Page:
How STEM Classes are Useful in the Real World

3 mins read

Cover image by Helena Warner

Here at M-A, there are a variety of science and math classes with challenging and captivating topics. While these classes are mentally stimulating, it is not uncommon to hear a student ask from time to time, “When will I ever use this in real life?” This question is especially relevant to many STEM classes because they can deal with more abstract concepts with applications that are less immediately apparent. After many interviews with a variety of math and science teachers, here are some new ways to look at your STEM classes!


When asked about the value of her math class, AS Algebra 2 teacher Jen Che said, “To be perfectly honest, I tell my students in many classes that, unless you are planning to pursue a career in STEM, you are not going to directly use the material,” she said. 

That does not mean knowing algebra won’t make your life easier. Che explains, “Credit cards are a huge thing. My husband and I know how quickly interest rates build with exponential growth, which made it very clear to us that we are never going into credit card debt.” 

This is one of many algebraic situations that you may find yourself in, showing that it is important to have background knowledge of Algebra.

Che notes that students’ questions about the real-world applications of Algebra are valid and worth exploring. 


California’s wildfires have worsened severely in the past 10 years. Wildfires and Chemistry go hand in hand because of combustion, the process of burning something. These topics are especially relevant to us. In September 2020, the Bay Area had a beautiful sunset, but at 8 A.M in the morning. California’s wildfires caused its blue skies to be covered by smoke and ash, creating a red and orange color. 

Chemistry and Biology teacher Rachel Richards said, “Every unit in Chemistry classes is actually structured around real life experiences. In chemistry right now, we’re learning about combustion, and we opened up with wildfires because we’ve all suffered from wildfires and the effects of them in our area. We also talk about ‘Why is it getting worse?’” 

Richard’s class emphasizes the cause of wildfires and what we can do about them, among many things. Chemistry helps  “People become more educated on the influence of their health decisions, environment and their personal impact, as well as helping them become more educated voters.” 


Geometry concepts like shapes, area, and volume are everywhere. Even though these ideas seem irrelevant to our day-to-day lives, they can be of use in unexpected ways. 

Geometry teacher Rachel Andres explained,“I have actually given my adult friends many lessons on special right triangles, because they were building things in their home. One of my friends was building a playhouse in the backyard and was trying to figure out properties of triangles, like 45-45-90 triangles, to build it.” 

With background knowledge of geometry lessons, you can figure out these geometric problems.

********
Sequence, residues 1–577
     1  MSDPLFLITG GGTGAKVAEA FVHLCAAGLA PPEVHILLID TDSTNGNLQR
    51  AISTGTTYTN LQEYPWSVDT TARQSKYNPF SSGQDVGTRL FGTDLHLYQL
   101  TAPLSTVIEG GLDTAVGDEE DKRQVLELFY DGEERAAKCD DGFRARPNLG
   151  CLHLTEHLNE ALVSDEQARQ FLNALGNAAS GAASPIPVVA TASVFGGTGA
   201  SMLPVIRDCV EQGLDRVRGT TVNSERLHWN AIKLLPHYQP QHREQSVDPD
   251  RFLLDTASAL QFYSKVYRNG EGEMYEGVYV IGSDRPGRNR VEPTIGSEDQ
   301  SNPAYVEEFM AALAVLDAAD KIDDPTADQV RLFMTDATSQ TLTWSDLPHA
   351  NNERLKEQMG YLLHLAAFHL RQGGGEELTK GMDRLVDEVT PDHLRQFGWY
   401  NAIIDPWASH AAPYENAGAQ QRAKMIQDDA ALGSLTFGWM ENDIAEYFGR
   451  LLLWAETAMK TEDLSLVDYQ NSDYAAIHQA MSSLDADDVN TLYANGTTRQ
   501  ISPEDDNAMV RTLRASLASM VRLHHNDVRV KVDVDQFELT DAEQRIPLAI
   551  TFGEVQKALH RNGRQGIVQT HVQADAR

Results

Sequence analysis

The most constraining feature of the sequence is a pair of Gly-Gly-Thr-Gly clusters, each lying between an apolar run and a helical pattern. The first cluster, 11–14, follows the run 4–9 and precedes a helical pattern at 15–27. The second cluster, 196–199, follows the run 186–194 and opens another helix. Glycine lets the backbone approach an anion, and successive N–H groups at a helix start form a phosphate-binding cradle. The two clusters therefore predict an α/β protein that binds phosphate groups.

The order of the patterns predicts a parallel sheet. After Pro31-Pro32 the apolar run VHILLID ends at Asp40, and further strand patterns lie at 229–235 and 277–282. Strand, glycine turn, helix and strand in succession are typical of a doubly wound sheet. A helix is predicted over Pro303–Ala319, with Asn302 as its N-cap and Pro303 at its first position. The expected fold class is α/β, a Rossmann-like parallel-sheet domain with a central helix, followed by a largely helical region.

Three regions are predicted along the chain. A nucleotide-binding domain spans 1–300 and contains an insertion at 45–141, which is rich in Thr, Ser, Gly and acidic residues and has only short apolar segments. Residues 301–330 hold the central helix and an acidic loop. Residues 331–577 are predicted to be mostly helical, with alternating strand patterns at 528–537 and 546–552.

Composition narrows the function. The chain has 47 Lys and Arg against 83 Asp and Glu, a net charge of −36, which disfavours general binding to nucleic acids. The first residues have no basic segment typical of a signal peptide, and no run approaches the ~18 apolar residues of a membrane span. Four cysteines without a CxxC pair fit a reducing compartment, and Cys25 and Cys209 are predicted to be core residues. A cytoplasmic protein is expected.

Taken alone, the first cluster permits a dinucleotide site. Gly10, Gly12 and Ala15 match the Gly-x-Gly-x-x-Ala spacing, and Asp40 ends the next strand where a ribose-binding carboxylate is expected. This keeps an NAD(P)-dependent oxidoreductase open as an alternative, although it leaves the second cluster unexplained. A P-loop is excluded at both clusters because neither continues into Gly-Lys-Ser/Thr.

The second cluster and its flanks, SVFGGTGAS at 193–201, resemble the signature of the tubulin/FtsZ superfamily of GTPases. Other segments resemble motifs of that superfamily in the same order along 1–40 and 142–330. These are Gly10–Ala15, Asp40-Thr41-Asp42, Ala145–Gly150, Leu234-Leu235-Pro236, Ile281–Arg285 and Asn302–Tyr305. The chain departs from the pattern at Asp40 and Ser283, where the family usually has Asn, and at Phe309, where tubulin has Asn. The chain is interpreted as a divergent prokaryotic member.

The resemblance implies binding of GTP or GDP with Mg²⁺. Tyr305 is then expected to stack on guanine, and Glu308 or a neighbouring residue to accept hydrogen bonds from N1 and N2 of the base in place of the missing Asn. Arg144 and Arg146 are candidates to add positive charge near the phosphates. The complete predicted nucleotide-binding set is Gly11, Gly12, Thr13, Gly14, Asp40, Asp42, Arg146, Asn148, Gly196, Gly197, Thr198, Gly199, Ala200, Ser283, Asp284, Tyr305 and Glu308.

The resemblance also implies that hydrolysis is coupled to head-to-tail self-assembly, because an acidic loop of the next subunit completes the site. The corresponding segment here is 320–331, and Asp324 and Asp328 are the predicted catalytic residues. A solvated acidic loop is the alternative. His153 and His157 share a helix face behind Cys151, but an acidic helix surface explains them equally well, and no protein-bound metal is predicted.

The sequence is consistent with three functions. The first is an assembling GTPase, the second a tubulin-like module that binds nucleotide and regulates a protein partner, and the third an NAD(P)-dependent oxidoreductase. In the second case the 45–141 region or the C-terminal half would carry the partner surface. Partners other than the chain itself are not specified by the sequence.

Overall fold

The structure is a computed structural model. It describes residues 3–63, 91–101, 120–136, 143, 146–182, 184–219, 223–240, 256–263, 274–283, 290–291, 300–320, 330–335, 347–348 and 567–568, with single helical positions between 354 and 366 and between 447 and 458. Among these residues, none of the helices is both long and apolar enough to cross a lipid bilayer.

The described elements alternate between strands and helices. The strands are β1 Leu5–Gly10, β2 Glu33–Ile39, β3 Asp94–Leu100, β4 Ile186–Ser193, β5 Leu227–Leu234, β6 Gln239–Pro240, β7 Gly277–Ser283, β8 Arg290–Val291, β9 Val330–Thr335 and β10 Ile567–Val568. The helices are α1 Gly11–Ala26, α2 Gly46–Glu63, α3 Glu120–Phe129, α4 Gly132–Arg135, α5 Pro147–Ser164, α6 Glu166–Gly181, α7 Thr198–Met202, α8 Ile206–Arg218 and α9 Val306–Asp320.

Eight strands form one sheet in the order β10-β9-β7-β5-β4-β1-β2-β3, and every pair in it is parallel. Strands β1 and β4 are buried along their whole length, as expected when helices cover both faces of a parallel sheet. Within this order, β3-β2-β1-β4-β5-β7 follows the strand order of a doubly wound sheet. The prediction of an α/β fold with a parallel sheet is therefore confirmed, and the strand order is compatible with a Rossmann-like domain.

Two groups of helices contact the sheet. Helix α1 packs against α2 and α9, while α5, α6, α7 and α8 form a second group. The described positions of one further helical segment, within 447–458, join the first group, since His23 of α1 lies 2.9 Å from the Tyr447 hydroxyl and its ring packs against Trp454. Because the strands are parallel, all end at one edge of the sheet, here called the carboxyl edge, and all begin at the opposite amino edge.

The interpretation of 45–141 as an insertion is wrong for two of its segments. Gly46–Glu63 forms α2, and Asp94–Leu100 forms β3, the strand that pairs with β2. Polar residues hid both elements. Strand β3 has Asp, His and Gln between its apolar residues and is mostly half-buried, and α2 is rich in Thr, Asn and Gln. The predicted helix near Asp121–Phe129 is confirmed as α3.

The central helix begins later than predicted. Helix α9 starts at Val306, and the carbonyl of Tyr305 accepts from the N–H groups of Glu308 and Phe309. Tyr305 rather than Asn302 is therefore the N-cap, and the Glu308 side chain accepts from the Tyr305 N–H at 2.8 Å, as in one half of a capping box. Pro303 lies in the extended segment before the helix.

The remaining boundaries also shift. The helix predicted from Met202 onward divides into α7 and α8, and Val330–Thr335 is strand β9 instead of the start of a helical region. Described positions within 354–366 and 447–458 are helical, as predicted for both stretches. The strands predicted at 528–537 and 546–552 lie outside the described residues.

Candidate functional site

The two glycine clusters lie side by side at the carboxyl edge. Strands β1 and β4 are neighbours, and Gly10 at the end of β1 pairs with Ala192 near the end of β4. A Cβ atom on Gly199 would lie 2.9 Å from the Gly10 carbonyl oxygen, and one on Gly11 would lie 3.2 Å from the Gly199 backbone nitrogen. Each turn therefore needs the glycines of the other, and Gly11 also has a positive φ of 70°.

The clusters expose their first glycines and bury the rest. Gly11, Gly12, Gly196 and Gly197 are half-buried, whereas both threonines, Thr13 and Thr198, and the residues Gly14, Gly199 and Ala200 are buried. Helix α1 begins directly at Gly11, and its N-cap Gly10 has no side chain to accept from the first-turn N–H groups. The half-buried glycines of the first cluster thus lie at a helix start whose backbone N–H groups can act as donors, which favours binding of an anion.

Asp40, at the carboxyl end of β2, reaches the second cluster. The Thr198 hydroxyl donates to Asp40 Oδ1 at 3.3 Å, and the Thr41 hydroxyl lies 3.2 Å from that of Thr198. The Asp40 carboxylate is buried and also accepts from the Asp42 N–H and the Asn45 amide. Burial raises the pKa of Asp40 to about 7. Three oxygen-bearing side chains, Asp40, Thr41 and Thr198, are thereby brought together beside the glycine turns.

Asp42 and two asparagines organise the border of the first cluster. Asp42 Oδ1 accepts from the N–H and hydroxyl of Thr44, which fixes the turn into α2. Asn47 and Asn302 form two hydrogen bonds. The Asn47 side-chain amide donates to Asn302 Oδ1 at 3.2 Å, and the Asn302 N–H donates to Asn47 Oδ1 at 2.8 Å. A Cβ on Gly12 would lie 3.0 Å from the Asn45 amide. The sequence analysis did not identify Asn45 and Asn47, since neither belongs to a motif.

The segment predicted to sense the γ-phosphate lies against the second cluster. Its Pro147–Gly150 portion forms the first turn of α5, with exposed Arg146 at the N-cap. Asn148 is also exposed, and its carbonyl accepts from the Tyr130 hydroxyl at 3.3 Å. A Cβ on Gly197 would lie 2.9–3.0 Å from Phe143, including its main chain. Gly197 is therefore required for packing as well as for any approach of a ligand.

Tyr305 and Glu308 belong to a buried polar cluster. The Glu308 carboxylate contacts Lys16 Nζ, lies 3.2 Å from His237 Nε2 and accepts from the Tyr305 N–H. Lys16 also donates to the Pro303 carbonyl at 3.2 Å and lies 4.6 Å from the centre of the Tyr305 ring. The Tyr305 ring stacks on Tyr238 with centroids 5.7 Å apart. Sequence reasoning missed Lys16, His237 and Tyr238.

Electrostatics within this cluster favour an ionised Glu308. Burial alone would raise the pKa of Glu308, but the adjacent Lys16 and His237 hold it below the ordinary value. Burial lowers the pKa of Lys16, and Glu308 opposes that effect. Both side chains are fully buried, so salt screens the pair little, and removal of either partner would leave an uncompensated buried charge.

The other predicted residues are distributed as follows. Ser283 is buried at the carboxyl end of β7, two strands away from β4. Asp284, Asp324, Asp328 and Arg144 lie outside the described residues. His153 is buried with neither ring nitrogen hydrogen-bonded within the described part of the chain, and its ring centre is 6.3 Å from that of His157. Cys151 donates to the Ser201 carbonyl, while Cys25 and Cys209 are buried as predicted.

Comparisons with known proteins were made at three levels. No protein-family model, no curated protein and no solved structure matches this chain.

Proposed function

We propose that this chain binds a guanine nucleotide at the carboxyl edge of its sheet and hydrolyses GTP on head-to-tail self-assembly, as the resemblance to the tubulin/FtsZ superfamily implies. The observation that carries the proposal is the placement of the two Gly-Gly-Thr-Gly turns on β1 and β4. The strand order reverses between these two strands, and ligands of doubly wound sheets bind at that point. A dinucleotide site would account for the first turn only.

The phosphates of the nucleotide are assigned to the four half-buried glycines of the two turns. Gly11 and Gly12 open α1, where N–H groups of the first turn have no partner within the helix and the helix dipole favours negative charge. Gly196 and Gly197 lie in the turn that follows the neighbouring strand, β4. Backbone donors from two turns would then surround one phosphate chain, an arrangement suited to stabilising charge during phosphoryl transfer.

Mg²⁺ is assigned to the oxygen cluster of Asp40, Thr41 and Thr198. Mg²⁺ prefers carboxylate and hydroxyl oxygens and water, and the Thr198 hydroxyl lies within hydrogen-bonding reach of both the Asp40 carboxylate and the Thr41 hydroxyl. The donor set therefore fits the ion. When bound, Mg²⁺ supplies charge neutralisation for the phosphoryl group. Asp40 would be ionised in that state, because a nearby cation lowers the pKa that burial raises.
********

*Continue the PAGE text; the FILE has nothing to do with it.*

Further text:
Medicine and anatomy are constantly present in everyday life, which is all rooted in biology. In our current world, the COVID-19 vaccine has stirred controversy across the world, particularly regarding its utility. With a background in Biology, we can have a better understanding of it. 

Biology teacher Mark Helfenberger said, “If you’ve had some background in biology, you have a decent idea of how an immune system works and why the vaccine does what it does. People who have less experience with it are much more likely to be convinced that the vaccines were some sort of plot or conspiracy.” 

Biology is a required class for all M-A students, and the concepts we learn from it are applicable to many aspects of our lives, considering that biology is the study of our bodies.

Marine Biology

Although marine biology teacher Erika Shepard admits that “marine biology is definitely not an applicable subject to anyone who goes into humanities,” she accentuates the fact that marine biology and climate change have a lot to do with each other. 

Students from her class can apply their knowledge of endangered species to decisions such as what seafood to order at a restaurant. She encourages them to pay attention each time looking at a menu to decide what they want to eat, to consider whether it’s an eco-friendly choice, because unfortunately, “A lot of people are eating endangered species and not knowing it.” We should all understand that climate change and the alarming rise of water temperature is a crucial factor contributing to the threat to marine life.

She encourages everyone to check Seafood Watch, which is run by the Monterey Bay Aquarium. 

We should challenge ourselves when we think “Why am I learning this? I’m never going to apply this in my life”. Everything we learn has a purpose and can be used in unexpected ways in our daily life as well as to solve big problems in our society.

Ayla Karadogan is a sophomore at M-A and this is her first year writing for the chronicle. She finds that the diversity M-A holds is fascinating and hopes to use M-A’s platform as a way to bring voice to those who feel unrepresented. She also enjoys playing soccer and running track.

Tessa is a junior in her second year of journalism. She enjoys co-writing for the Bears Doing Big Things column and the social trends happening at M-A. Tessa also enjoys playing tennis and is on the varsity team.

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